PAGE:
Info for Researchers


  1. New Faculty IT Quick Start Guide Research Updates
  2. Data Management Plans and U
  3. What Can You Spend Grant Money On? Understanding the New Omni-Circular
  4. Research and Scientific Management Workshop, Fall 2014
  5. Grant Writing Crash Course
  6. Research Education Invites You to Join The Research Administrators’ Network (RAN)
  7. Upcoming Research Grant Opportunities
  8. Upcoming Classes in the Research Administration Training Series (RATS)
  9. Research News and Publicizing Research


1. New Faculty IT Quick Start Guide

The University Information Technology (UIT) department has created a quick start guide for all faculty members on digital resources available on campus. This includes video conferencing, telephone service, free or discounted software, IT help and more. Please visit the New Faculty Guide to Digital Resources website for more information.


 2. Data Management Plans and U

A recent ruling by NIH states that genomic researchers are required to not only store but also share the data gathered under NIH sponsorship quickly (within 6 months) in a government database or recognized alternative. Data management plans are required for grants from NSF (National Science Foundation), NEH (National Endowment for the Humanities), NIH (National Institutes of Health), NOAA (National Oceanic and Atmospheric Administration), IMPS (Inst. Of Museum and Library Services), Gordon and Betty Moore Foundation, and DOE (Office of Science).

This ruling helps set the standard and recommended practices in data management. Many disciplines have well-respected data repositories that are specific to their work, and if your discipline is one of these, you are probably already using that data. When it comes time to write your data management plan for your next grant, it is considered ‘best practices’ to store and share your data where similar data gathers.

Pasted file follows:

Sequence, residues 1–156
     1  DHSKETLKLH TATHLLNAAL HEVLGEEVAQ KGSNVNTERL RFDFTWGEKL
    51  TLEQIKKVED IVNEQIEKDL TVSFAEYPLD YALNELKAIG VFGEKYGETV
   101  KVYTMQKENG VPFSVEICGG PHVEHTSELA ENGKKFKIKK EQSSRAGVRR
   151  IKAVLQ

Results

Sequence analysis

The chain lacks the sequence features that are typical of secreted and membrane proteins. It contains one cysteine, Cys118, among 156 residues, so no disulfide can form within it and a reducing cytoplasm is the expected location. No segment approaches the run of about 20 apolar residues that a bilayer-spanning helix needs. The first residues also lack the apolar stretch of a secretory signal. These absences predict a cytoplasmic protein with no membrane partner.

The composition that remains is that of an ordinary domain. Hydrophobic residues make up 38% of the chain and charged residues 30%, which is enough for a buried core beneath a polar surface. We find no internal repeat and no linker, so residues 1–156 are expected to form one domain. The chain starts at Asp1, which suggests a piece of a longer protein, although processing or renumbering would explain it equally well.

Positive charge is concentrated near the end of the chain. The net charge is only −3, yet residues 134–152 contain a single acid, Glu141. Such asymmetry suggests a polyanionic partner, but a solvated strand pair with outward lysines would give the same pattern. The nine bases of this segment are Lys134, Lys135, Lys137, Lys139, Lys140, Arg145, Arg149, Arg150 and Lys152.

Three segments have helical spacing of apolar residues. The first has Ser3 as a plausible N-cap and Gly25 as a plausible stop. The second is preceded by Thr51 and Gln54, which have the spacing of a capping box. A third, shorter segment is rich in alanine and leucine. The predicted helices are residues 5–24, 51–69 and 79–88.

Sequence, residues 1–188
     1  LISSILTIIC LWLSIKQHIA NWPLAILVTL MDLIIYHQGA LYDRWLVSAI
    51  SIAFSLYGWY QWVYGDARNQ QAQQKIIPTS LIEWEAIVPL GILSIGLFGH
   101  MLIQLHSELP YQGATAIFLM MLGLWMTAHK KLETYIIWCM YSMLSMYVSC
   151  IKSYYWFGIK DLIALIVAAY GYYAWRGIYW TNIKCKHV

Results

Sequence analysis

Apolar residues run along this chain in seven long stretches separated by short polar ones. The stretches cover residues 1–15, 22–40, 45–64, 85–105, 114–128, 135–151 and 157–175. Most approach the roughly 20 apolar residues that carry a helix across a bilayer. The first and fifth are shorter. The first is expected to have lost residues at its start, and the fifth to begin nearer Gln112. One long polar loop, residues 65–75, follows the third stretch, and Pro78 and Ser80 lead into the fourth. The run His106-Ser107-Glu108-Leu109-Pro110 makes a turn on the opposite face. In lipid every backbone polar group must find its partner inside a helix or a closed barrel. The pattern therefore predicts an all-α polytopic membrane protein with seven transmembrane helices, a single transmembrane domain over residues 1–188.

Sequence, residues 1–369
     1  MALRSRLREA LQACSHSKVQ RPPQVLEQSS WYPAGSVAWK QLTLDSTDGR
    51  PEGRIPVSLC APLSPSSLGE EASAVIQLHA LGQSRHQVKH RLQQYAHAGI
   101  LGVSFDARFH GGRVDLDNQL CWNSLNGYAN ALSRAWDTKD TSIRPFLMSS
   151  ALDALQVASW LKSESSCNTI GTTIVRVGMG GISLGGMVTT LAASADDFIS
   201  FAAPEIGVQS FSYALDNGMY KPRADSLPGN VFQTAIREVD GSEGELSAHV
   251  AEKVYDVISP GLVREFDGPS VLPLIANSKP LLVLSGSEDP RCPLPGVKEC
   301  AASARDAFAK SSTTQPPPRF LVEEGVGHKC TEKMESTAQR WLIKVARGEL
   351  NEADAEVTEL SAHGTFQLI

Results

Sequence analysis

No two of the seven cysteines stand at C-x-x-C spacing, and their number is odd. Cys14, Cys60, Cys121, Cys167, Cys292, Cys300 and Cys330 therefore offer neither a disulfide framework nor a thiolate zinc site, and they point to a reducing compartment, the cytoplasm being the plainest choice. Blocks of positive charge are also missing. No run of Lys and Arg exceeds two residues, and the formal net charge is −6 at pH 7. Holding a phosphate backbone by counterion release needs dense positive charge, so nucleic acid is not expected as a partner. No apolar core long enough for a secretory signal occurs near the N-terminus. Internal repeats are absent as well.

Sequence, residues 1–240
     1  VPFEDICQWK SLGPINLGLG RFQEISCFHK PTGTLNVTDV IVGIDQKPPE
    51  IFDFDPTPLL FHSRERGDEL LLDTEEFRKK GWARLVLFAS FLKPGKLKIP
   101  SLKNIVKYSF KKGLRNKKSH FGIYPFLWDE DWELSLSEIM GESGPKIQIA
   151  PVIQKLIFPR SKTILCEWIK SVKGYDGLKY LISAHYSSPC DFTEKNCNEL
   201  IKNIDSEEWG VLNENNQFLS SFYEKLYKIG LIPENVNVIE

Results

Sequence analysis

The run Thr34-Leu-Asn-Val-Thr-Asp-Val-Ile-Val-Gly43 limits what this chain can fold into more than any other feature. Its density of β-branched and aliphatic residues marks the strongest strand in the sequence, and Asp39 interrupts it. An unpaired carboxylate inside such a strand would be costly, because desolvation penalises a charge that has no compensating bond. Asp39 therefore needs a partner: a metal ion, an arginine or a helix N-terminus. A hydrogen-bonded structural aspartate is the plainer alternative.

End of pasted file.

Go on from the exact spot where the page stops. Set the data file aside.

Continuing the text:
If you are unfamiliar with a well-respected data repository, Repositories for Research Data can assist you in finding one for your data management plan.

The University of Utah also has an archival data repository (final data here for permanent archiving) and non-archival file sharing via (files or data you are sharing with current collaborators) that can be used by researchers, free of charge. For more information and assistance with your data management plan, visit the J. Willard Marriott data management link. If you do choose to indicate in your data management plan that you will be using USpace, please contact Daureen Nesdill before submitting the grant proposal.


3. What Can You Spend Grant Money On? Understanding the New Omni-Circular

Research Education and the Office of Research Management & Compliance are offering informational sessions on the new OMB Uniform Guidance, which becomes effective for all new federal awards, and new funding for existing awards, on December 26, 2014. The new OMB Uniform Guidance will supersede administrative requirements, cost principles and audit requirements previously described in OMB Circulars A-21, A-87, A-110, and A-122 for federal awards to educational institutions. Participants will learn about the specific changes in regulations that impact the university and will have the opportunity to ask questions. The following dates are open for registration: